• Kim Worth, whose entire blog is dedicated to documenting her journey to creating a teacher-powered school.
  • Delonna Halliday, who has submitted her proposal for her school in Tacoma and is actively engaged in getting it up and running.
  • Cheryl Suliteanu, who is in the early stages of trying to find a way to make a teacher-powered school possible in her district.

And, there are many, many others with whom I have spoken who want to begin this journey (you all know who you are), and would LOVE to connect with you.

Not only should you connect with teachers in other locales that are doing this work, you should also connect with teacher leaders in your area. Create a team of like-minded individuals who can join you on this journey. A key ingredient to the success of teacher-powered schools is collaboration. Create a team and begin the journey!

Step 3 – Explore available tools and resources

Many of those who started teacher-powered schools were completely disconnected from others who had previously done the work. Historically, there have been no means by which teachers interested in designing a teacher-powered school could connect and learn from each other’s experiences.

That has all changed! There are now several resources that you and your colleagues can access to get started:

Steps to Creating a Teacher-Powered School: Released in the spring of 2014, Steps to Creating a Teacher-Powered School is a compilation of over 200 resources that your team can use to walk through the process to create your school. Teacher teams can learn more about the five stages for designing and maintaining a teacher-powered school–with tips and lessons learned from teams who have already gone through the journey.


Discussion Guides for Creating a Teacher-Powered School: Lessons from the Pioneers: This recently released set of discussion guides will get your team started designing your own teacher-powered school. These guides were created by the pioneers from nine teacher-powered schools and include information about how they do things at their schools, tips for your team as you begin designing your school, and discussion questions for your team to use to guide your work.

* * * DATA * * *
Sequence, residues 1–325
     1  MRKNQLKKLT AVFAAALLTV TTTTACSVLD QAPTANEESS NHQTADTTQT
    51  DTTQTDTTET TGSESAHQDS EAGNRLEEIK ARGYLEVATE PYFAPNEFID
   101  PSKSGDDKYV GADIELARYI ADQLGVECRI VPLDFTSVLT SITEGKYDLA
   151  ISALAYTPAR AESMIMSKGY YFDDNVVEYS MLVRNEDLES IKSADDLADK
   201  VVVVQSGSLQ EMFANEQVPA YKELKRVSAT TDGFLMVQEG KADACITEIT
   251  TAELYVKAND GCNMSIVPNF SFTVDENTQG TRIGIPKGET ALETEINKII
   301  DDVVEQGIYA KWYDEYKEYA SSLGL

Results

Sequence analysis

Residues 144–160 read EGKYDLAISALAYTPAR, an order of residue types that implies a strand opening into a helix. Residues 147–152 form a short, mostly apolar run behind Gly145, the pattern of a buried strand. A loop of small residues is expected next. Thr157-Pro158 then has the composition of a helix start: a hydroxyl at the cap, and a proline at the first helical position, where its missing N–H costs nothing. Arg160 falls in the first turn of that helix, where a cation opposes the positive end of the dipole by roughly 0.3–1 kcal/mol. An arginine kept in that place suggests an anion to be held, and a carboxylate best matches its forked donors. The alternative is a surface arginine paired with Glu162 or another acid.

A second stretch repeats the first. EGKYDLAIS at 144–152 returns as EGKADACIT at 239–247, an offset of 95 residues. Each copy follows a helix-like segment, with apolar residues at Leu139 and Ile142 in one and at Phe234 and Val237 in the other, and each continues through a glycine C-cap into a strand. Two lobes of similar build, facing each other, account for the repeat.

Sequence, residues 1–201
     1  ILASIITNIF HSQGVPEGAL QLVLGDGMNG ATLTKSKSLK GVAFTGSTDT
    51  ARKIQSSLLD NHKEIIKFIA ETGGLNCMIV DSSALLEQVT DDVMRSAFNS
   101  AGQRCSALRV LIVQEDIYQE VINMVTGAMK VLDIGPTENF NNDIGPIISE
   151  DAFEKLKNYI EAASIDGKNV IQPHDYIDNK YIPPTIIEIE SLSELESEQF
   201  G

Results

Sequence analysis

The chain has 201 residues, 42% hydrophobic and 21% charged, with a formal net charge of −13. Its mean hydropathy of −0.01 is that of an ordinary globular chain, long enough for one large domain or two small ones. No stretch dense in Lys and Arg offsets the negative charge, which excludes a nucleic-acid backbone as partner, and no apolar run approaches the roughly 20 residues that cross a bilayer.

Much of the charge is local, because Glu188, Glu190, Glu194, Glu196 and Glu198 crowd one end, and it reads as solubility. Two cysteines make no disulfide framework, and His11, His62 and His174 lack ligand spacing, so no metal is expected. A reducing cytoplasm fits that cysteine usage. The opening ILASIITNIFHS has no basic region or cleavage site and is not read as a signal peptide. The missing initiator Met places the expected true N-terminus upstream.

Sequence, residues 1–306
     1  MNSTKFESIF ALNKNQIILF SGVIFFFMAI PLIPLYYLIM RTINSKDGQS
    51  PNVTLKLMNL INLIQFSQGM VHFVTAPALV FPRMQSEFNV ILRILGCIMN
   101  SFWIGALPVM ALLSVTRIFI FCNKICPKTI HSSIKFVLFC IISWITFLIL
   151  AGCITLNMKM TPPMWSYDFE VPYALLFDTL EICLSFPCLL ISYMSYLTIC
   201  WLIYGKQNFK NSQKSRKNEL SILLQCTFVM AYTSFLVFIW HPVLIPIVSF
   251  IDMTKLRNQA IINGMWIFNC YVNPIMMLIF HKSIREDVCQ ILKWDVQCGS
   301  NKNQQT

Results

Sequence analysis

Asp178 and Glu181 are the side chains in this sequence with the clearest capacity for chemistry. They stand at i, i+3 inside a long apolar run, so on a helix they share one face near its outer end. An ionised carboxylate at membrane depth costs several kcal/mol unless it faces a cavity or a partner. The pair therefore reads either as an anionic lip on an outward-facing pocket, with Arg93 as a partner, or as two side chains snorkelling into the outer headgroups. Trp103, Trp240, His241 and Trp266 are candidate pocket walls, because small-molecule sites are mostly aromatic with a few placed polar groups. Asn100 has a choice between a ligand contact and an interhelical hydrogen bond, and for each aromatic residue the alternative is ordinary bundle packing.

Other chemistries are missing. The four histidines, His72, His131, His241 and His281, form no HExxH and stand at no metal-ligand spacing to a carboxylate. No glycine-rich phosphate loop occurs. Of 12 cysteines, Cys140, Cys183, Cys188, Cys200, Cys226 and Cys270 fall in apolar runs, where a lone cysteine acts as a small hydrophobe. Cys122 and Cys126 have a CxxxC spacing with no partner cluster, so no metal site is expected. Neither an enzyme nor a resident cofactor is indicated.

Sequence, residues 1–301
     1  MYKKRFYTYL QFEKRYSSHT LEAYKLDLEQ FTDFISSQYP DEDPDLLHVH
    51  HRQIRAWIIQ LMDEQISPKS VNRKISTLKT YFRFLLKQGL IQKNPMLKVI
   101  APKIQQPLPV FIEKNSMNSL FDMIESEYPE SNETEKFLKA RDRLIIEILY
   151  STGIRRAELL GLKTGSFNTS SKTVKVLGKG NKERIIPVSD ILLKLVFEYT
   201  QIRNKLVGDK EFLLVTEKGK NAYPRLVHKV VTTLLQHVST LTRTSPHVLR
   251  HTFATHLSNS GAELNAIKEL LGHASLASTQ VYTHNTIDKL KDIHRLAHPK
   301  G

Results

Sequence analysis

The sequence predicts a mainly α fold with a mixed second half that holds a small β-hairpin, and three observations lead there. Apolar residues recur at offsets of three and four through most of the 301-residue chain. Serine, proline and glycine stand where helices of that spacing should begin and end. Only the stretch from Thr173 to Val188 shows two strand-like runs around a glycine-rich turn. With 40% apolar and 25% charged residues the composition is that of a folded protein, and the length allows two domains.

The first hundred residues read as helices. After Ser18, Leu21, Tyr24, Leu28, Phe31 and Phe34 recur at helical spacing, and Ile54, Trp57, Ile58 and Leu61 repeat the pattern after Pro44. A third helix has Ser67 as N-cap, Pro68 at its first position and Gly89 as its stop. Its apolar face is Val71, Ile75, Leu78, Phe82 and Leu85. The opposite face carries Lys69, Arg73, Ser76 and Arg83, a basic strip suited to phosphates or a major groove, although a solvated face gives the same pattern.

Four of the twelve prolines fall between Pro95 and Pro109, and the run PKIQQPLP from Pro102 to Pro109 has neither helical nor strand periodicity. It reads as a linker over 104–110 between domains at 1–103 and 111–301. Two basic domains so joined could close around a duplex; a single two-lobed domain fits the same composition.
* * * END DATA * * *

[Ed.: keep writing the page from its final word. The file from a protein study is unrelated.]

It is time to take those first three steps. It is time to begin translating that dream into a reality. What are you waiting for?

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  • CarlDraeger

    Thanks for the nudge…

    I’ve thinking “What if” for too long without action. In my mind (and on paper) I have begun to ‘brain dump’ the whys, values, and benefits to students for starting a teacher-led school. I’m not sure about others, but I see my peers in elementary, middle, and high school are working more in silos despite the collaborative efforts of administration and the local union to promote professional learning communities. It seems we are getting really good at horizontal articulation component (grade level teachers planning lessons and creating pacing guides) without pursuing the vertical conversations required to make holistic, systemic change. That is, our teachers are really working hard on their piece of the puzzle without considering how the whole thing fits together. The whole school concept would be central to everything we would do.